UK government tries to block Scotland’s new gender recognition law

UK government tries to block Scotland's new gender recognition law
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The UK government has blocked a new law aimed at allowing trans people To change their legal gender in Scotland without a medical diagnosis – a controversial move that has fueled the already highly emotional debate over Scottish independence.

Scotland’s First Minister, Nicola Sturgeon, called it “a full frontal attack on our democratically elected Scottish Parliament and its ability to make its own decisions on delegated matters” in a Twitter post on Monday.

Scottish Secretary Alister Jack had previously explained that Westminster took the unusual step of blocking the Scottish bill from becoming law because she was concerned about the bill’s impact on equality laws across the UK – a justification that trans rights groups reject.

Here’s what you need to know:

Scotland passed a new law in December to make it easier for people to change their legal gender.

In the current system, trans people have to go through a series of hoops to change the gender mark on their documents. They must have a medical diagnosis of gender dysphoria, a condition defined by the distress caused by the inconsistency between a person’s body and their gender identity, and prove they have lived in their chosen gender for two years. They must also be at least 18 years old.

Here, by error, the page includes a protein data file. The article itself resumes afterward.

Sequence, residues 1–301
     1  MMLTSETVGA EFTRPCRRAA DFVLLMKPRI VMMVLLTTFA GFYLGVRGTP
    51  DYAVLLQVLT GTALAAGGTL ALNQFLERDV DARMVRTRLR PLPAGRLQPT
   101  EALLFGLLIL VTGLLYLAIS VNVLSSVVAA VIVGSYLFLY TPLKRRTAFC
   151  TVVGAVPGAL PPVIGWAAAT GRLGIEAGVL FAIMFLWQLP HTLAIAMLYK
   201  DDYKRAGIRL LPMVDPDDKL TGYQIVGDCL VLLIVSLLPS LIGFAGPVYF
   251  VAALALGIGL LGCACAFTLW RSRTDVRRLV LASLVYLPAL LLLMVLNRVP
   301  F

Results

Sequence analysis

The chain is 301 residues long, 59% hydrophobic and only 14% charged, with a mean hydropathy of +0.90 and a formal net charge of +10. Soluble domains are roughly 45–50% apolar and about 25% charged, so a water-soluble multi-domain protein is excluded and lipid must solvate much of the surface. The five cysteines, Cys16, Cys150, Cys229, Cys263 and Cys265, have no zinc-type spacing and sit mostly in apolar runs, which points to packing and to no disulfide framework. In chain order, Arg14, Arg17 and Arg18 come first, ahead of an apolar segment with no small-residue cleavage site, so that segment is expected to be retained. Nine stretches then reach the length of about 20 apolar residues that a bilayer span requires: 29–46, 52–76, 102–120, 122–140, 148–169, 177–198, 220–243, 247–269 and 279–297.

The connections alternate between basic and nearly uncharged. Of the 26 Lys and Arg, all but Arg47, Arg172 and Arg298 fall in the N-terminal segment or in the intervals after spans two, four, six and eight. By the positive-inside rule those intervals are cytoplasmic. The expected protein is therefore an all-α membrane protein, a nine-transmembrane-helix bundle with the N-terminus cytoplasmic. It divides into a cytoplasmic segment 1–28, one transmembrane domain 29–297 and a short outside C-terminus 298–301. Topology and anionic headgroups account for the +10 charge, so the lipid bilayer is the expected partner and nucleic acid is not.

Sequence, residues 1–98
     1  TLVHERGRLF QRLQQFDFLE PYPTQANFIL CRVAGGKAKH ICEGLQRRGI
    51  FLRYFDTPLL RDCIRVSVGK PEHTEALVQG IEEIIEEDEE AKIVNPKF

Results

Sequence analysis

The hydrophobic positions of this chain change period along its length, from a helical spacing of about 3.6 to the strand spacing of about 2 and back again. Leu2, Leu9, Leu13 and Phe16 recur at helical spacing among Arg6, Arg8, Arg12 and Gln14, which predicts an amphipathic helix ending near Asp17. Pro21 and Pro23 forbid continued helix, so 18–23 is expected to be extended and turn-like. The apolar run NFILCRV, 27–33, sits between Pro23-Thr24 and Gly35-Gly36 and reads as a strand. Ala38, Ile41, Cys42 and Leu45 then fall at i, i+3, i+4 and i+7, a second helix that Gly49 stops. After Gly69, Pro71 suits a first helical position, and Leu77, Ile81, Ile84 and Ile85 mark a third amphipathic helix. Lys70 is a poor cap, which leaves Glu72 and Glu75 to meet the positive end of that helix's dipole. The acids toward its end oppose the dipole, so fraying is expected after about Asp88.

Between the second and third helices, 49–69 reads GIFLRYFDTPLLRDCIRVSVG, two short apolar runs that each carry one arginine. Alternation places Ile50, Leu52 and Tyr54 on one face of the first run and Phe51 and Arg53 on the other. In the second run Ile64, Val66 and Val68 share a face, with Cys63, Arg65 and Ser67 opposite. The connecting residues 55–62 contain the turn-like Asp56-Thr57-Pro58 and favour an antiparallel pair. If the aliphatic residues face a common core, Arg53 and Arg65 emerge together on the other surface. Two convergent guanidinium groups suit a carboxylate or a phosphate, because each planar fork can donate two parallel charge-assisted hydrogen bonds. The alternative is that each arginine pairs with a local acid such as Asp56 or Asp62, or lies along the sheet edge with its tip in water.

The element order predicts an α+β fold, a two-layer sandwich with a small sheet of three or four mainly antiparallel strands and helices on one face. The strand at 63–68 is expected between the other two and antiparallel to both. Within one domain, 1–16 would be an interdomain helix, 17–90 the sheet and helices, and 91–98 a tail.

The new rules will remove the need for medical diagnosis and replace it with self-determination. The waiting period will be reduced from two years to six months and the age limit will be lowered to 16.

Campaigners have long argued that the current process is overly bureaucratic, expensive and intrusive. The Scottish government held two major public consultations on the issue and proposed new, simpler rules.

As the government proposes the new rules, “We think that trans people should not have to go through a process that can be humiliating, intrusive, upsetting and stressful in order to be legally recognized for the gender they live in.”

In the end, an overwhelming majority of Scottish MPs voted for the amendment – the final scoreboard was 86, 39 against.

The bill sparked an emotional backlash on both sides. The debate over the proposal was one of the longest, most heated debates in Scottish Parliament’s history, and the final vote had to be postponed after protesters yelled “shame” at MPs.